Which Stations Are Signing off in 2020?

 In Blog

In 2014, I wrote about Gordon Borell of Borell Associates making the prediction that half of all AM/FM stations would go dark by 2024.

Here in the year 2020, Inside Radio and Precision Trak just reported that the number of silent stations is at an all-time high, up 10% from last year.

The pandemic economy is to blame for some recent sign-offs. Some are low-power FMs and small AMs which are tough to make money with even in a good economy.

But pandemic aside, there are now more smart speakers in homes than radios, more at-home listeners tune in through computer and smartphone and AM/FM car radios are being replaced by internet connected dashboards. Talk about competitive!

Radio lives on the economy, which will be determined in the short term by our pandemic response and it has not gone as well in the United States as in other countries. (Wear a mask, people!)

In tough times, debt-ridden corporations may run out of people to fire and resort to station sign-offs. Perhaps it will not be half of all stations, but I’ll bet a lot more will go silent by 2024.

The signals that remain lit and profitable will belong to companies that build on the human connection that has always been radio’s strength.

Research proves that entertaining personalities are the #2 draw to AM/FM today right behind, “it’s free.”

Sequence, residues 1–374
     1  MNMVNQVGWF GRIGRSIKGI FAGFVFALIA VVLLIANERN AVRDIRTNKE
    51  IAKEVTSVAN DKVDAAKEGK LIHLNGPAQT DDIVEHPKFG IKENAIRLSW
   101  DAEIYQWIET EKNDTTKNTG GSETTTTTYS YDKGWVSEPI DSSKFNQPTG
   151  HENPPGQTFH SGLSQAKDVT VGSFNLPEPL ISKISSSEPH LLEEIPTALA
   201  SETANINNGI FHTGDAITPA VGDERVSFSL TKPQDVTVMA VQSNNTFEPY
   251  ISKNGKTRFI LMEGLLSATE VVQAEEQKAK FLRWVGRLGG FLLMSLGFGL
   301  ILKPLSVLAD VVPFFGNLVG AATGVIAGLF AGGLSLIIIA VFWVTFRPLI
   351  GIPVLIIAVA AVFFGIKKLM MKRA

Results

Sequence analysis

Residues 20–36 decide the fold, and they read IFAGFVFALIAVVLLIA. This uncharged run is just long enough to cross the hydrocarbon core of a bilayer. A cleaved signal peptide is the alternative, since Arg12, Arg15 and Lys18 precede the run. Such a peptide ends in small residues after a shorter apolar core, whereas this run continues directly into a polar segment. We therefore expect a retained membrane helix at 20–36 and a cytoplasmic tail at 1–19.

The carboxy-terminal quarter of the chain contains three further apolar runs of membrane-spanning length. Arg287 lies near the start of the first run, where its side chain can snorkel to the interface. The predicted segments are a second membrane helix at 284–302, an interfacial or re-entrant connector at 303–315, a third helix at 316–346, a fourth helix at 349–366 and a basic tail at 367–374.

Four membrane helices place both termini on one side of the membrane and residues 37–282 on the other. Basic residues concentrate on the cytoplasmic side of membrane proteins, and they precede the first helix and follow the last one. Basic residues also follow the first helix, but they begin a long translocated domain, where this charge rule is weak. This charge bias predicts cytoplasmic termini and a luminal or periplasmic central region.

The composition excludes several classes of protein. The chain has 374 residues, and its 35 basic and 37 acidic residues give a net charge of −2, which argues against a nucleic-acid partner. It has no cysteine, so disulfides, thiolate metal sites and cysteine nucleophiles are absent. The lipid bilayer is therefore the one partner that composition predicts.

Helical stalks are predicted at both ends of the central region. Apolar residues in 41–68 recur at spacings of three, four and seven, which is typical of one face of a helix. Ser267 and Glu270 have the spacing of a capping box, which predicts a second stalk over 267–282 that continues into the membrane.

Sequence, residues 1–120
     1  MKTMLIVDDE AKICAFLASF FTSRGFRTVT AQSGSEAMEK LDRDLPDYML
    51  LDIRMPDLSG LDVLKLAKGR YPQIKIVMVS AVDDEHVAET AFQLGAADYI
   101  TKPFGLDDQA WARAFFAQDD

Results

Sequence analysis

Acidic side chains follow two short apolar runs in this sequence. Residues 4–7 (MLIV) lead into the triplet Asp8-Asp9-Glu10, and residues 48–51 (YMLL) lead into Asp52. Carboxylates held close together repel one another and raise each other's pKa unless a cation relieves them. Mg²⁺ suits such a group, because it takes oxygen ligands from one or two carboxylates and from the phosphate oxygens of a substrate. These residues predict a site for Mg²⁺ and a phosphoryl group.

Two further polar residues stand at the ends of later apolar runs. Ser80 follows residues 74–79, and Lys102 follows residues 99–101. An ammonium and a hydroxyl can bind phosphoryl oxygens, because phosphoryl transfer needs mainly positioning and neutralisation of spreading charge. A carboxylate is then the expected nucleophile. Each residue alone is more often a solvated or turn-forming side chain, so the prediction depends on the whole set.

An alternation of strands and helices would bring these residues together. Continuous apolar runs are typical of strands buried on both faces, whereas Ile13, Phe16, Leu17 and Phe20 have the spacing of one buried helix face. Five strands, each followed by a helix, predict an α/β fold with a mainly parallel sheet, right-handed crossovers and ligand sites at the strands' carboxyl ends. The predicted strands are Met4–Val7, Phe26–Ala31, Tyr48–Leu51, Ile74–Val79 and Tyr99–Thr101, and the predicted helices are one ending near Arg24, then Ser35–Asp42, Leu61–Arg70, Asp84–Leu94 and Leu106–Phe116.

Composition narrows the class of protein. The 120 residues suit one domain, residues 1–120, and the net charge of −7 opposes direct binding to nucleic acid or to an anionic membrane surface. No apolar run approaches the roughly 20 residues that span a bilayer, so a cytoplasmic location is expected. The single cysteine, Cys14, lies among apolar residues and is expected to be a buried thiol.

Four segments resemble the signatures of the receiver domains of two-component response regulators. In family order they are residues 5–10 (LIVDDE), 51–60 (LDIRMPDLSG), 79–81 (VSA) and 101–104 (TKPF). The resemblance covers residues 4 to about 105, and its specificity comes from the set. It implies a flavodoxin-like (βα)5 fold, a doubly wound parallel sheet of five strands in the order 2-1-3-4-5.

Music is less of an attraction reason for traditional radio listeners. Without a likable, well-prepared host to keep them company, generic music playlists and heavy commercial loads are a poor competitor to customizable services like Spotify.

What corporations missed as they “restructured” is that personalities are more important to people than the station.

Howard Stern has way more social media followers than SiriusXM. Charlamagne Tha God has more followers than his show, The Breakfast Club.

Entertaining talent is the path to profit. Our clients build long-lasting relationships with advertisers through personality endorsements, and many are building podcast audiences for future revenue growth.

There are over 10,000 stations on the air in America today. On your next evening drive, look around at the red lights of all the many blinking towers on the skyline.

More than any other decision, the content we choose today will determine which of those stations lives and which ones die.

Photo by Mirza Mustofa on Unsplash

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